As excessive loading of certain tissues marches on over time, degeneration often occurs to tendons and joint. In the case of osteoarthritis, the changes to cartilage seems permanent, and currently our best treatment is to prolong the time before an inevitable joint replacement via physical rehabilitation of movement strategies. Although modern medicine is looking into techniques to replace damaged cartilage in otherwise healthy joints, the best strategy to prolong joint health is to train your self to move well/durably.

In the case of tendon degeneration, there are a variety of surgical repairs when the damage is to far gone. When the tissue is not completely ruptured, non-surgical treatments is preferred, but again, it all comes back to learning how to treat and load the tissue without overloading it.

Squatting hurts your knees? Learn how to squat and not twist your knees.

Push ups or lifting things overhead hurts your shoulders? Learn how to not shrug your shoulders when straining.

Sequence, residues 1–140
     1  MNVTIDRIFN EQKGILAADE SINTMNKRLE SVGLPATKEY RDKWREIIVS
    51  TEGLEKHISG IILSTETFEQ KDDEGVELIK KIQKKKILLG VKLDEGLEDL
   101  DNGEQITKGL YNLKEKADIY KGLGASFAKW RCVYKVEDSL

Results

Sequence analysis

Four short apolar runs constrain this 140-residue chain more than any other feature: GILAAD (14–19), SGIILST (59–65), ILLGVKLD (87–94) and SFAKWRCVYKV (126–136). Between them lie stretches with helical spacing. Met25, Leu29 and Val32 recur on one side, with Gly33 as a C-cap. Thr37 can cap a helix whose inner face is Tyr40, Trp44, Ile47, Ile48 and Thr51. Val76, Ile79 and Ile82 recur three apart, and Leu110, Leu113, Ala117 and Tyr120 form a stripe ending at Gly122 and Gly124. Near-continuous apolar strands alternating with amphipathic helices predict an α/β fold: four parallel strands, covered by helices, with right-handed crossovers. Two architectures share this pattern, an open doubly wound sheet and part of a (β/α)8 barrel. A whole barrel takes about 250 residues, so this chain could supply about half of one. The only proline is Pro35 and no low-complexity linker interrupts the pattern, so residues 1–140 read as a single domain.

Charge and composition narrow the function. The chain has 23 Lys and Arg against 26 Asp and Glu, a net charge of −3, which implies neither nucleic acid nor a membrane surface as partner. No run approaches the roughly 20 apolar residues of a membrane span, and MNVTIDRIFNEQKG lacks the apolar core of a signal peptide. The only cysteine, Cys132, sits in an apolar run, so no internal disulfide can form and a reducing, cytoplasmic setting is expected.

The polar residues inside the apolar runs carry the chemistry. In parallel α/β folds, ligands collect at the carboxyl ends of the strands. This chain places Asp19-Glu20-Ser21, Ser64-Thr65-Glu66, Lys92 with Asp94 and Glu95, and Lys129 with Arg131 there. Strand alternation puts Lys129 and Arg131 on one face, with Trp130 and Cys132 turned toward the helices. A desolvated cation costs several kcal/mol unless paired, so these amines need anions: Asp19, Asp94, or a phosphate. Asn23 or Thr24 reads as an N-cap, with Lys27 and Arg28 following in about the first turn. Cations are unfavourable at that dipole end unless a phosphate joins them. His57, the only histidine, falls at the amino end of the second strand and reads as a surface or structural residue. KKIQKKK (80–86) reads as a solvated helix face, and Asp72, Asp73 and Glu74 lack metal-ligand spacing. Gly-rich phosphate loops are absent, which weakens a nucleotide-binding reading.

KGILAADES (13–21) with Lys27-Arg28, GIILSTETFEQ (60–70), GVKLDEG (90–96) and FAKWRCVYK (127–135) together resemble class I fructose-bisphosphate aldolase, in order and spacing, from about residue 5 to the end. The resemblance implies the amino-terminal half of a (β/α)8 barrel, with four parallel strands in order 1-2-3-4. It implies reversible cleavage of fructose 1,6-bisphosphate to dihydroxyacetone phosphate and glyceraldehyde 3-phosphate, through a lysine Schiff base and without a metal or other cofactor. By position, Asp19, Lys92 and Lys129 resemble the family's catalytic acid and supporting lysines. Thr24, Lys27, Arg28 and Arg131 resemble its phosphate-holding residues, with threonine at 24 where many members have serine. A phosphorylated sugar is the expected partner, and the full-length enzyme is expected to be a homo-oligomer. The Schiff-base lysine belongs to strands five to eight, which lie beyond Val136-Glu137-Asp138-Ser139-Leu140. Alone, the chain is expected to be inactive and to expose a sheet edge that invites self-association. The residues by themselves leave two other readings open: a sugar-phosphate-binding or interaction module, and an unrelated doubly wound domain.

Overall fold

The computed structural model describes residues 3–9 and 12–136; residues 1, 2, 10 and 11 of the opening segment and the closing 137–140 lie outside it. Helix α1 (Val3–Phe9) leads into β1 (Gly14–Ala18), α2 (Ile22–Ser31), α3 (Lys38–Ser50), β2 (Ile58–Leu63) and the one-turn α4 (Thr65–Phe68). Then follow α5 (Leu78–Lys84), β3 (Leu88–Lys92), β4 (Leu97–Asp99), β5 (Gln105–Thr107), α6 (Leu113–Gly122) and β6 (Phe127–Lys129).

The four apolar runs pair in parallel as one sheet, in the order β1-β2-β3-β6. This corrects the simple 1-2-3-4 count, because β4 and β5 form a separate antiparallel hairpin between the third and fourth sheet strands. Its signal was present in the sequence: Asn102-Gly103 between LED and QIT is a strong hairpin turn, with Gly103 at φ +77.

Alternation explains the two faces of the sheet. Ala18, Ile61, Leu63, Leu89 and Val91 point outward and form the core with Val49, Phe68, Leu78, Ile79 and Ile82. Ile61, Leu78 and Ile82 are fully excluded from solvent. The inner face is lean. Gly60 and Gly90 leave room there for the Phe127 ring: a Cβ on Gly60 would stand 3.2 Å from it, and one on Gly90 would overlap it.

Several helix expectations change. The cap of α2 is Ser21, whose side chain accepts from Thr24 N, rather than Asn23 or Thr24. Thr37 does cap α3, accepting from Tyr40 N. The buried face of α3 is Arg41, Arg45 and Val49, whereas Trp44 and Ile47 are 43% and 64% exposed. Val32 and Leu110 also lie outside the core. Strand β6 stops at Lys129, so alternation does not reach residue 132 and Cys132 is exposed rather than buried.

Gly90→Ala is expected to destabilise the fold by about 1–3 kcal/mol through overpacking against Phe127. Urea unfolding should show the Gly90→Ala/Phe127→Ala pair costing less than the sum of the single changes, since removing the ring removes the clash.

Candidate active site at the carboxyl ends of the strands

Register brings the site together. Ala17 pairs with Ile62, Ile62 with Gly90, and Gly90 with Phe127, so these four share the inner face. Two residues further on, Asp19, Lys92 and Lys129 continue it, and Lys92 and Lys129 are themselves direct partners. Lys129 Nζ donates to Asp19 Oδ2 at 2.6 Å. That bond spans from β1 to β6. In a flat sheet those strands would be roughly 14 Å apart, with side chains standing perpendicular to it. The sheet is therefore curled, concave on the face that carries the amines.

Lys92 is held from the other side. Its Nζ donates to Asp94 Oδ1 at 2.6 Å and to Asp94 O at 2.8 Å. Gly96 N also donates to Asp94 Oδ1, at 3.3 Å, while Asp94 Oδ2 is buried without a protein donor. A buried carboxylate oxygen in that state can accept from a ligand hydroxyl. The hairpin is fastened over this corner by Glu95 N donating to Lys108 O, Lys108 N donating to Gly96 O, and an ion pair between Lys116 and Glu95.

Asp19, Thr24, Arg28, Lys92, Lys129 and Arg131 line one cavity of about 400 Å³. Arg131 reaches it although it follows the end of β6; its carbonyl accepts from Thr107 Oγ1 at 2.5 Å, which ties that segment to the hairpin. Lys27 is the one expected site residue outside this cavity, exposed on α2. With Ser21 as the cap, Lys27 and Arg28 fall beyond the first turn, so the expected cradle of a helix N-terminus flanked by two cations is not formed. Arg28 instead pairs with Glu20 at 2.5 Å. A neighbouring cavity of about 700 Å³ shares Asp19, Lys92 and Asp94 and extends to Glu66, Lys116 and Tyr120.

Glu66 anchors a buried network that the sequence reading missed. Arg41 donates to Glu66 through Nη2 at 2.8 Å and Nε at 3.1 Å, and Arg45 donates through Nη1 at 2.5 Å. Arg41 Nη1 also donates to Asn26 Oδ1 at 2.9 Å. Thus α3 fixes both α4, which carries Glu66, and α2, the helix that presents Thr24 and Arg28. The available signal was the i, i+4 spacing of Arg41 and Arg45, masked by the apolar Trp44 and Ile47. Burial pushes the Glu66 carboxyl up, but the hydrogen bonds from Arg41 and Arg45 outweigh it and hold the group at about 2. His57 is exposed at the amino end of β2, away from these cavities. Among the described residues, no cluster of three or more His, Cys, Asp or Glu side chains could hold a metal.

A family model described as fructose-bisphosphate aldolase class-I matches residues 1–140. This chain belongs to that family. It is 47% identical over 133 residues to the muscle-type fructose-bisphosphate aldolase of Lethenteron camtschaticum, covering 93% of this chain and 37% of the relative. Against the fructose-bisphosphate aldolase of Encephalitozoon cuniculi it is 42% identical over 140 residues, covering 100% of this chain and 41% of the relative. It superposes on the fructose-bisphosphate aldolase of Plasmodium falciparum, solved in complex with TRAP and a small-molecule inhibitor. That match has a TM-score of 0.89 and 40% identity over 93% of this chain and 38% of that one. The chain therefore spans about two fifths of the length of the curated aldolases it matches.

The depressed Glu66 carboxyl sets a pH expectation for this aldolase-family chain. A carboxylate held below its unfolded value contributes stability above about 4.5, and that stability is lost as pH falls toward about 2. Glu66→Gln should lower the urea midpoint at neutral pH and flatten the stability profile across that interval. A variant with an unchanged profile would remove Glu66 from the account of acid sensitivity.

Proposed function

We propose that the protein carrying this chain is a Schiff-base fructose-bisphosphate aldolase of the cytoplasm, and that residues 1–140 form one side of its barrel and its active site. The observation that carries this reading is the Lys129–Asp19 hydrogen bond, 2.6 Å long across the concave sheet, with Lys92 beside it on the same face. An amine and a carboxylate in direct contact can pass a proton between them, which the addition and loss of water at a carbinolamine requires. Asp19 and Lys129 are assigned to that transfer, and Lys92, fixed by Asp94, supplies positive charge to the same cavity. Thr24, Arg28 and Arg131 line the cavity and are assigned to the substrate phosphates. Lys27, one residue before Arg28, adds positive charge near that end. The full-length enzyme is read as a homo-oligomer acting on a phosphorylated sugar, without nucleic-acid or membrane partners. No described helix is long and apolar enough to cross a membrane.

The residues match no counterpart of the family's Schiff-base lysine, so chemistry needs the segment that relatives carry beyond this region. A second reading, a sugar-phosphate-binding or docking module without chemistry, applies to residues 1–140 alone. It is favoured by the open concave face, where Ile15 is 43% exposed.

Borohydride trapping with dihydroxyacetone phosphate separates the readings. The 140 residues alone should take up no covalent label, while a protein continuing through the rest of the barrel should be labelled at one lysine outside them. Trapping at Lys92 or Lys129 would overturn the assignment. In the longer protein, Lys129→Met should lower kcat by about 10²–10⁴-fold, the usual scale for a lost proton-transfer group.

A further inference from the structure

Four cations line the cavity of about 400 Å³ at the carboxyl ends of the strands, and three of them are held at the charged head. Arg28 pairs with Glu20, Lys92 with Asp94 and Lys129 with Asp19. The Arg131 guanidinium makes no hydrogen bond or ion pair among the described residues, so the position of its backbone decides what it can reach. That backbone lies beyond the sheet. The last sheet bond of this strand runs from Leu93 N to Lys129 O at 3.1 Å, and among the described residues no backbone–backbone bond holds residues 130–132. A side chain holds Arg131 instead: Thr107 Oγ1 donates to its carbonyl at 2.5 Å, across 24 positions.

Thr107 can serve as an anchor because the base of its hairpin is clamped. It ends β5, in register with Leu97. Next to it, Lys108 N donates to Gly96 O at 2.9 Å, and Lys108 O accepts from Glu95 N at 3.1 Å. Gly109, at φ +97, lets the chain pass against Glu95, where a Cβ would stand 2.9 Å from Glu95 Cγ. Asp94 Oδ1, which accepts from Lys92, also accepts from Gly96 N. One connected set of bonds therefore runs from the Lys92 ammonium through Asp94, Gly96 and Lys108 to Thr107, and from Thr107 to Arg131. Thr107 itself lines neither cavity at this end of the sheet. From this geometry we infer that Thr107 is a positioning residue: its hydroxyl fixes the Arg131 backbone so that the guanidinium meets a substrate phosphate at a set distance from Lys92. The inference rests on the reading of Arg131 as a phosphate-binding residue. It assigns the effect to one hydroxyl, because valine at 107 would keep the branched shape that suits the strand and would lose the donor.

Back pain when you do difficult or prolonged things? Learn to strengthen your core and apply it to life. Such as what is explained HERE.


Neuro-muscular, skeletal and mental adaptations are just three broad examples of our incredible potentials for the good and unfortunate. In our busy, cerebral, fast paced and strikingly sedentary lives it is important to recognize our habits, tendencies/practices, and make conscious choices about them. This comes back to taking responsibility for our situations. Hence, karma.

Learn to move well not just often, learn to recognize your current boundaries and how to effectively maintain, challenge and even broaden them. Learn to recognize habits that may be sabotaging or preventing you from attaining the this. Learn to inhabit your body.